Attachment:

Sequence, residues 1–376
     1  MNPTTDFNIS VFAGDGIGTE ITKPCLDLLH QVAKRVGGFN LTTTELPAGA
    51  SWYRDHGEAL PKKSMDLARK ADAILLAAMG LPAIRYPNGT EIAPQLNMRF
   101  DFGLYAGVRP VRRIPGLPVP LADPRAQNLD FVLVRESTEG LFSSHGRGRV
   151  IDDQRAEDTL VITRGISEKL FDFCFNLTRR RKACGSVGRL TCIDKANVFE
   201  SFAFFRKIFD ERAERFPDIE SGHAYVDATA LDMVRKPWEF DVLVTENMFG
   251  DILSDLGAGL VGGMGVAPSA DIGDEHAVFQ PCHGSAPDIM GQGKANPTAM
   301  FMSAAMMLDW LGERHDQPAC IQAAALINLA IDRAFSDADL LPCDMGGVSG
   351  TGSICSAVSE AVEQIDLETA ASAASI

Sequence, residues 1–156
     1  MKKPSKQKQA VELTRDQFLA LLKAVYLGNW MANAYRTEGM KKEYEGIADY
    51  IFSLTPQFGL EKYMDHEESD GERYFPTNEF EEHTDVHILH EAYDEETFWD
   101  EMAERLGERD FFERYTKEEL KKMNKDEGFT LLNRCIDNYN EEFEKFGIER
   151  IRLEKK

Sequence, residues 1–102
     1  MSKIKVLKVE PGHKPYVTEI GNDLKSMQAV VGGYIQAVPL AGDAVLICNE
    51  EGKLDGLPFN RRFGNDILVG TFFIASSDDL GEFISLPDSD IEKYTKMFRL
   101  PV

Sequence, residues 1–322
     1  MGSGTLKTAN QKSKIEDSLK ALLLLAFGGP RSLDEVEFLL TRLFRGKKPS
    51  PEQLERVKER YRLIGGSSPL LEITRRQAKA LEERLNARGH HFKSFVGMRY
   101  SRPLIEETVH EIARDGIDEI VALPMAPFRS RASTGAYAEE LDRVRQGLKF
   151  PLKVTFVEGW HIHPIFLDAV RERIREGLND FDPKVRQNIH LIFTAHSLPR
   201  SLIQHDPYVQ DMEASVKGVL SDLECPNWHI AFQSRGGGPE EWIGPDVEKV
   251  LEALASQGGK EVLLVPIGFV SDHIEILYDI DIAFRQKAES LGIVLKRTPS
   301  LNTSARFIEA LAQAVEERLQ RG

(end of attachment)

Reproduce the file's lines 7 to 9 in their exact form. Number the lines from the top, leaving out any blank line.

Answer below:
   251  DILSDLGAGL VGGMGVAPSA DIGDEHAVFQ PCHGSAPDIM GQGKANPTAM
   301  FMSAAMMLDW LGERHDQPAC IQAAALINLA IDRAFSDADL LPCDMGGVSG
   351  TGSICSAVSE AVEQIDLETA ASAASI